Methinks yesterday’s legal-inspired menu is calling to be followed up with another theme-dinner. I give you a menu from an Engineer Officers Training Camp in Virginia.
SECTION B. COMPANY 1
CAMP A. A. HUMPHREYS, VA
JANUARY 31, 1919
COME AND GET IT
DONE IN THE FOLLOWING MANNER
Hoist Down That Flag Pick Up Your Brass
BLUE POINT COCKTAIL
CELERY A LA ABATTIS OLIVES DRAB
SHRAPNEL SOUP HOPPE NO. 9
8TH SQUAD SALAD PICKLES
A LA SHRIMP 1ST SQUAD DILL
SALMON (not from the Q.M) SARDINES (Close Order)
Continue the March
ROLLS (Bedding) HARD TACK
MESS HALL HASH SQUARE EGGS
HOMINY HOT DOGS
E.O.T.S YAMS ASPARAGUS (long balks)
TURKEY ROASTED (Gorelangton Style)
Flankers HAM (as you were) Flankers
POHICK CRANBERRIES ACCOTINC DRESSING
PUMPKIN PIE (open faced) PERSIMMONS (home grown)
NUTS (volunteers) CHEESE (porous knit)
ICE CREAM CAKE
COFFEE (not chemically treated)
For Smokers For Chewers
CAMELS BLACK JACK
FATIMAS TUTTI FRUTTI
For Those Who Neither Smoke or Chew
DEWITT’S LITTLE EARLY RISERS
NORMAL SIGHT 20-20
The actual dishes served at this dinner will remain a mystery of course. They were no doubt regular dishes simply re-named for the occasion.
So, to keep the military theme, I give you recipes from the same era in another country.
From the Examiner (Launceston, Tasmania, Australia) of 1 October, 1941:-
Most families have a soldier relation at the war, or an airman or a sailor, and at this time of the year cakes and puddings are being made to send to the men overseas. This week the cash prize has been awarded for recipes for a soldier's cake and a soldier's pudding. The recipes were sent in by Mrs. J. J. Glover, Scone Street, Perth.
Half pound butter, ½ lb. sugar, 4 eggs, 3 tablespoons sherry, ½ lb. seeded raisins, ½ lb. currants, ½ lb. sultanas, 2oz peel, 2oz. blanched almonds, 10oz. plain flour, ½ teaspoon carb. soda, 1 dessertspoonful caramel or Parisian essence, 1 teaspoon spice.
Cream butter and sugar. Add well-beaten eggs gradually, then sherry. Then add well-sifted flour, carbonate of soda and spice, with well-prepared fruit. Add the caramel. Turn into prepared tin and place in a hot oven; turn heat down very low and allow to cook slowly from 2 ½ to 3 hours. To test the cake place a skewer through the thickest part and if it comes out quite free from cake mixture the cake is cooked. Remove from oven and allow to remain in tin until cold. Approximately 3 ½ lb. cake when baked.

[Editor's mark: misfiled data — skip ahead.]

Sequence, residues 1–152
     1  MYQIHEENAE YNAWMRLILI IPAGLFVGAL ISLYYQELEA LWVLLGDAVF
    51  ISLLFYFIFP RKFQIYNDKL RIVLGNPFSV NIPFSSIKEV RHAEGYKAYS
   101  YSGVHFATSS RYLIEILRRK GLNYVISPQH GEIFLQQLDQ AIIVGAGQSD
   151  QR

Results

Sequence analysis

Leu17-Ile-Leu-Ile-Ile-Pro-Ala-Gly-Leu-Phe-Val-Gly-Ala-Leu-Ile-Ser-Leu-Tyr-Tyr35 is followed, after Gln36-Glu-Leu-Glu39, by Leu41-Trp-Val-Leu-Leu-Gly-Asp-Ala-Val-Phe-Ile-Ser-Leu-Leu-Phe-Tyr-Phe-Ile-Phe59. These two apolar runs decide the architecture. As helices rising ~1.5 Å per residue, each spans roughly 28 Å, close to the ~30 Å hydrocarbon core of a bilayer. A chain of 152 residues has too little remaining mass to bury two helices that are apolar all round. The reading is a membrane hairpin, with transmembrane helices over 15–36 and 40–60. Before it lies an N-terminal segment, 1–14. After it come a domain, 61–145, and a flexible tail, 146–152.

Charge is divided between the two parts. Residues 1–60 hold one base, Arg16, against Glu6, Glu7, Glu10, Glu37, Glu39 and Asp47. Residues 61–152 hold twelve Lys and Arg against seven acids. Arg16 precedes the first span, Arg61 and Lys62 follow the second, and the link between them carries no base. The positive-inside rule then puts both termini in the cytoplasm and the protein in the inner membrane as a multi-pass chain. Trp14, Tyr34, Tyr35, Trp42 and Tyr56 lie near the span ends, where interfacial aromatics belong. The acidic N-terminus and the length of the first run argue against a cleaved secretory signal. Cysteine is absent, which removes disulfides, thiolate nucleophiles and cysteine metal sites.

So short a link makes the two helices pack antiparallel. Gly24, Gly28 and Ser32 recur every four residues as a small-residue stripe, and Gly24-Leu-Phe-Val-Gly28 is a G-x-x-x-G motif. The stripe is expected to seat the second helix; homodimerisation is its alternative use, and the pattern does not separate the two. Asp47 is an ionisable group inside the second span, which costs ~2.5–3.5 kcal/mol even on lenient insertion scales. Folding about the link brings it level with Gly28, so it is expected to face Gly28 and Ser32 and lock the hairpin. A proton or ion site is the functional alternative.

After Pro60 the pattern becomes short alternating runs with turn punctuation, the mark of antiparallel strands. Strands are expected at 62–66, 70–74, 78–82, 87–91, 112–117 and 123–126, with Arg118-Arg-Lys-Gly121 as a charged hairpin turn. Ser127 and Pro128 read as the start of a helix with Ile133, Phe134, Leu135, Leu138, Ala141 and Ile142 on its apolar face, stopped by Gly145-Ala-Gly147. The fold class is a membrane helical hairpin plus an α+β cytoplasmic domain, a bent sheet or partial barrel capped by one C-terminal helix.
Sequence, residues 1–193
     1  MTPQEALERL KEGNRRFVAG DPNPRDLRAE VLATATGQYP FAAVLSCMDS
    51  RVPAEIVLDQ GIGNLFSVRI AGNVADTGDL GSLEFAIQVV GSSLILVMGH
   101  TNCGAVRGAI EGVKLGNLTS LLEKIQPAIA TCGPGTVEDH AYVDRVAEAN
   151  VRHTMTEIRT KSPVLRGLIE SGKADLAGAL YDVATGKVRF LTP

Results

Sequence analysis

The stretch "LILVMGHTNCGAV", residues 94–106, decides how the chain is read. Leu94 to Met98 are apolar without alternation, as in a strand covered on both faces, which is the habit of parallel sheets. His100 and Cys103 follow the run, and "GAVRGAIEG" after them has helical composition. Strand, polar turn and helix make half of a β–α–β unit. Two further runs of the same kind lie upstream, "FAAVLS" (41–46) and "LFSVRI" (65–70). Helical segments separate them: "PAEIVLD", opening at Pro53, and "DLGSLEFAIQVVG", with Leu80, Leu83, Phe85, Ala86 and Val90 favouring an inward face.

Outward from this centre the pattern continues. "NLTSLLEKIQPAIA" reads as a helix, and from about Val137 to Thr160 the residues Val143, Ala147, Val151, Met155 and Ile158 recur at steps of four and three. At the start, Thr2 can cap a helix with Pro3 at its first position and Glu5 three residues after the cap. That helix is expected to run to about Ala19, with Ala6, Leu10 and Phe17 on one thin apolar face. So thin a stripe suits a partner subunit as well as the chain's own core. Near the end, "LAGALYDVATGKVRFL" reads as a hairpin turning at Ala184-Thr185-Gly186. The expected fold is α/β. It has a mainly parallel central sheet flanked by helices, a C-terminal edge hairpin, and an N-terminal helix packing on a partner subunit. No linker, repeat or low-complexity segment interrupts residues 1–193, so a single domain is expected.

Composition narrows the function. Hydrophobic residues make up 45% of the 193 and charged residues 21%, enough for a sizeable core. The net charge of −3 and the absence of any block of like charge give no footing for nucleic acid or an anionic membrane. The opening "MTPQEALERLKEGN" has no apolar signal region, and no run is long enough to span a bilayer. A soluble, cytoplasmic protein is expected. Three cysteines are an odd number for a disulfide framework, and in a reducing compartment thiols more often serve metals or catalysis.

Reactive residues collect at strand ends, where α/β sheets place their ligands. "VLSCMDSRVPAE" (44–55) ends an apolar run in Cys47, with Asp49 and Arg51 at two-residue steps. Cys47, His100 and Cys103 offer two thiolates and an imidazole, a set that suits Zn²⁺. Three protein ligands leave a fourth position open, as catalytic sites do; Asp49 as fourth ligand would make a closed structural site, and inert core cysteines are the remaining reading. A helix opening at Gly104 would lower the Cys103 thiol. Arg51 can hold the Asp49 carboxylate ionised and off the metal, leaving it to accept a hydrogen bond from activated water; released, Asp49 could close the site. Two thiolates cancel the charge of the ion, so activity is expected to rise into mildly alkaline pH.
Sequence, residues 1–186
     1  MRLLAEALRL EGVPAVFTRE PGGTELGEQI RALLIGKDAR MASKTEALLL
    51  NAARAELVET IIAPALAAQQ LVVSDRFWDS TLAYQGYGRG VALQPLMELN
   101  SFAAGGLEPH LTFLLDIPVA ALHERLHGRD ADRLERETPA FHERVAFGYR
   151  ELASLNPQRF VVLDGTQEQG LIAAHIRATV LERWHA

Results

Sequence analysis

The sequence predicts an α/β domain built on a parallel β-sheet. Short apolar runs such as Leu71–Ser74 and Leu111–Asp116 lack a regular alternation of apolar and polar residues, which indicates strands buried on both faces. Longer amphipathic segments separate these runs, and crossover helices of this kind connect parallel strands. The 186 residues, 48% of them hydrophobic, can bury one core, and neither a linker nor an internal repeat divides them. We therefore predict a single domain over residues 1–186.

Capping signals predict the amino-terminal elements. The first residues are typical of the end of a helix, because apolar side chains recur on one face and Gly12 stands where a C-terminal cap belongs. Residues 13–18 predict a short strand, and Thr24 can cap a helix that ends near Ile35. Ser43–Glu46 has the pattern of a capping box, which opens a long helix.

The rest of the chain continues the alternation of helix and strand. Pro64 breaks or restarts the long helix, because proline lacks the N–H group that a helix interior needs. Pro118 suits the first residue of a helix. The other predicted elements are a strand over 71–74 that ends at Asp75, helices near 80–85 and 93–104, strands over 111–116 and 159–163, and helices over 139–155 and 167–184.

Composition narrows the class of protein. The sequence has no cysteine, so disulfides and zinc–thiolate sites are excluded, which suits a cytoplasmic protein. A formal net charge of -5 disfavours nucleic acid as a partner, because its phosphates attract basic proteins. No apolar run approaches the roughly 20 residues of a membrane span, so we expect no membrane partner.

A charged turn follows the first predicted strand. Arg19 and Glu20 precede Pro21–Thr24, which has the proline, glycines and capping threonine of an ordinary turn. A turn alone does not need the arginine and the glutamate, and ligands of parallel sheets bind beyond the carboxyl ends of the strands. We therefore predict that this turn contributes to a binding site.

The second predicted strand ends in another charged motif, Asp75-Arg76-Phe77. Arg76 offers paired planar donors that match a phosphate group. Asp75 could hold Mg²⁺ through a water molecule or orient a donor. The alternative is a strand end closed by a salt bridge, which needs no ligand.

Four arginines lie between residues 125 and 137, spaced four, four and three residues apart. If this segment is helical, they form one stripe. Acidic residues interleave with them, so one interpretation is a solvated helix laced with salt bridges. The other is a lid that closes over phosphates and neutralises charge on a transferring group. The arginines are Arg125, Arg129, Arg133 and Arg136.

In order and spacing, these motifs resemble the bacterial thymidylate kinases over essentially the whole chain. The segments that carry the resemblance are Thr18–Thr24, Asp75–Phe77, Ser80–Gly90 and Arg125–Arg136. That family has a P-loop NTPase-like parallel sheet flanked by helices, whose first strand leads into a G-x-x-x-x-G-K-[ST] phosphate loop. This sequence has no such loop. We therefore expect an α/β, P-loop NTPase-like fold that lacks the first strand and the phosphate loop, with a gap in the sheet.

Half lb. plain flour, ½ cup breadcrumbs, ½ lb. sugar, ½ lb. butter, ½ lb. raisins, ½ lb. sultanas, 2oz. peel, 2oz almonds, 2oz. cherries, 2 tablespoons rum or sherry, 1 teaspoon carbonate of soda, spice to taste. Sift flour and spice, rub in the butter, add sugar and fruits, mix with eggs and spirits, lastly add dissolved soda. Three-quarters fill dried milk or treacle tins, well-greased, place lids on firmly. Boil three hours or steam five hours. On day of using boil one hour. Open round edge of tin. Serve with cream or sauce.
Funny. A book that I own on patterns of 18th & 19th c silver flatware illustrates one rare mid-19th century pattern with a quite heavily-mangled dinner fork. The author observes that the fork is engraved with the crest of a British regiment and remarks that generally speaking, officers' mess regimental flatware tends to have been subjected to a pretty high level of abuse.
On Michigan State University's Feeding America website they have a reproduction of a turn of the (last) century army cookbook. Dishes include Bombshells, Cannonballs, and Artillery Pie.
The last recipe instructs us to "mix with eggs", doesn't specify the quantity with the ingredients.
I'm guessing 4-5, thereby making the dish a boiled pudding version of the original pound cake, containing equal weight of flour/butter/sugar/eggs, + additions?
I had to look up "Dewitt's Little Early Risers." Turns out they're a "laxative and cathartic" (the Smithsonian has a tube). I guess if you don't smoke or chew you're probably a teetotaler as well and, er, "clean."
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